The economy is showing some signs of strength — not tremendous strength, mind you, but enough to prove there was adequate heft to weather the partial government shutdown and keep investors in a stock market that has climbed a remarkable 23.6 percent this year.
The service sector, which ranges from retail to housing to health care, is growing faster than expected; manufacturing is too. Neither is as strong as in August, and a slump in machinery orders has given economists pause. But reports from the Institute for Supply Management covering services and manufacturing show the economy is expanding and improving more than economists were expecting.
The manufacturing index "is vividly flagging a U.S. economy expanding at the fastest rate in more than 2 1/2 years, which is rather inspiring," said Gluskin Sheff economist David Rosenberg.
Now, if only employment and wage growth would follow. Friday will provide a glimpse as the October unemployment numbers are released.
Expectations are that it will not be a good report. After all, about 800,000 federal employees were furloughed in October amid the partial government shutdown, and economists think companies might have hesitated about hiring while waiting to see the impact of lost federal business.
"The shutdown affected government contractors and businesses that catered to government workers around the Washington, D.C., area," said Citigroup economist Robert DiClemente. He calculates that people indirectly affected by layoffs in the capital and around the country may total 30,000 to 40,000.
The distortions, he said, could mean that the October employment report to be released Friday will show only 130,000 payroll gains — far below the 200,000 monthly average early this year. But the shutdown was only the latest hit to employment. Apart from those temporary cuts, economists have been disappointed with trends over the last six months. Job creation has slowed, and the average gain in payrolls has been just 155,000 a month. That's not enough to make a substantial improvement in employment.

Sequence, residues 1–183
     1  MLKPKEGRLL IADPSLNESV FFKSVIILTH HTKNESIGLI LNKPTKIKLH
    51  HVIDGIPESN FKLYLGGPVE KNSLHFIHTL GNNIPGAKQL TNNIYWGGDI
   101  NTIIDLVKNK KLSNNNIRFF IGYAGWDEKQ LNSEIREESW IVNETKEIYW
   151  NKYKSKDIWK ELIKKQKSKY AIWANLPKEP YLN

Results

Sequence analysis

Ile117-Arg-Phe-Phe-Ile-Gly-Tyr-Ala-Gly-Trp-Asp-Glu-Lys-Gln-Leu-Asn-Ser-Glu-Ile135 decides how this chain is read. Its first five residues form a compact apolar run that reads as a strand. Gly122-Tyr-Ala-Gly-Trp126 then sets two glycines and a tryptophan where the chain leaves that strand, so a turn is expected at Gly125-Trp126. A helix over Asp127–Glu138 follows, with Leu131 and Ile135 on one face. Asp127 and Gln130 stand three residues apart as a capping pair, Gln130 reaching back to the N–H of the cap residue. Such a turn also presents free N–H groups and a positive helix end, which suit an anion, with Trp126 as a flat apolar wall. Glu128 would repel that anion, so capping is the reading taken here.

Goldman Sachs economist David Mericle recently estimated the labor market wouldn't return to the pre-financial crisis average until early 2017.
In addition, with millions of people still seeking jobs, there has been no urgency to raise pay. The combination of joblessness, sluggish pay and low confidence about the future is weighing on consumption.
Retail analyst Kimberly Greenberger thinks retailers will feel the impact this holiday season. In a recent report, she said department stores and specialty shops should "expect coal."
"We predict the weakest holiday since 2008," as retailers feel compelled to slash prices to attract reluctant consumers, she said.
About 79.5 percent of Americans said in a recent National Retail Federation forecast that they will be cutting back holiday spending this year, and 51 percent said they will buy less because of economic concerns.
Federal Reserve Chairman Ben Bernanke has said repeatedly that he is concerned about unemployment turning into a long-term, entrenched problem for the country. He has been trying to stimulate hiring by keeping interest rates down. Economists have pointed to a chicken-or-egg problem: Demand for products isn't strong, so companies don't hire, but with millions of people out of work and on limited pay, demand doesn't increase substantially.
The issue isn't limited to the U.S. Demand for U.S. products and services has been curtailed by a recession in Europe and slowing emerging markets, including China. The unemployment rate in Europe is more than 12 percent, and the European Commission predicted Tuesday that growth in 2014 will be slower than anticipated — just 1.1 percent.
The U.S. stock market and stocks worldwide have climbed this year on expectations of an improving global economy. The Stoxx Europe 600 index has climbed about 15 percent, while the U.S., which is further ahead in recovery, has climbed even more.
The expectation has been that the Federal Reserve would start cutting back on stimulus as early as December or March because of an improving economy. While the Fed may start reducing bond buying, known as quantitative easing, Goldman Sachs economist Jan Hatzius said in a report this week that the Fed's first interest rate hike isn't likely until early 2016. The reason: a change in thinking about fighting unemployment.
Recently, the Fed has indicated that it wanted unemployment to fall from the recent 7.2 percent to 6.5 percent before allowing interest rates to climb. Now, however, Hatzius thinks the Fed will be adopting a new target of 6 percent for unemployment. His prediction is based on two papers from top Fed economists that are expected to get attention this week at an International Monetary Fund annual research conference.